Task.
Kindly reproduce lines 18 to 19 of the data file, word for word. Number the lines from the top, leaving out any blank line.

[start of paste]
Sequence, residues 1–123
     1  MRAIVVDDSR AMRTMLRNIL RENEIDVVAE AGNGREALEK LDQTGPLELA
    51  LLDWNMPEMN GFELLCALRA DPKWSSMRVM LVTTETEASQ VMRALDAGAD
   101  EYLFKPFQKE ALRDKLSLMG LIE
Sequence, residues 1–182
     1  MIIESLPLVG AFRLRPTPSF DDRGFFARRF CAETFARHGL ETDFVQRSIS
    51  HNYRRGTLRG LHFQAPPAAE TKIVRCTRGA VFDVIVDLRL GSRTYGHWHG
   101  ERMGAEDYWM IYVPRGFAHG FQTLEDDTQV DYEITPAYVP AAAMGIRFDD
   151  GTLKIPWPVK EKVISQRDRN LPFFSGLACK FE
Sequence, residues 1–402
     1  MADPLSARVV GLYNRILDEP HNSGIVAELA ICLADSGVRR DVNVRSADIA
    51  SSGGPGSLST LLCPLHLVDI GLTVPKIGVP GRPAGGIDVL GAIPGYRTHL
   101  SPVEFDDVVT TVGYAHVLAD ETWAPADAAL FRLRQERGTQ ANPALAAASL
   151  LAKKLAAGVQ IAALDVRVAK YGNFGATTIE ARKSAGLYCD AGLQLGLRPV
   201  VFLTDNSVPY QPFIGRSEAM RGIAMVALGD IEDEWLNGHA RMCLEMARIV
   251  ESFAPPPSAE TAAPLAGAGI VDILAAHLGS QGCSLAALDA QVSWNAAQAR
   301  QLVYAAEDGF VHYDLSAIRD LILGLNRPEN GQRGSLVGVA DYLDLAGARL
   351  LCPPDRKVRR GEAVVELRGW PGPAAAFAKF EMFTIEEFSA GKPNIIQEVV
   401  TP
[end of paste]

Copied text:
   351  LCPPDRKVRR GEAVVELRGW PGPAAAFAKF EMFTIEEFSA GKPNIIQEVV
   401  TP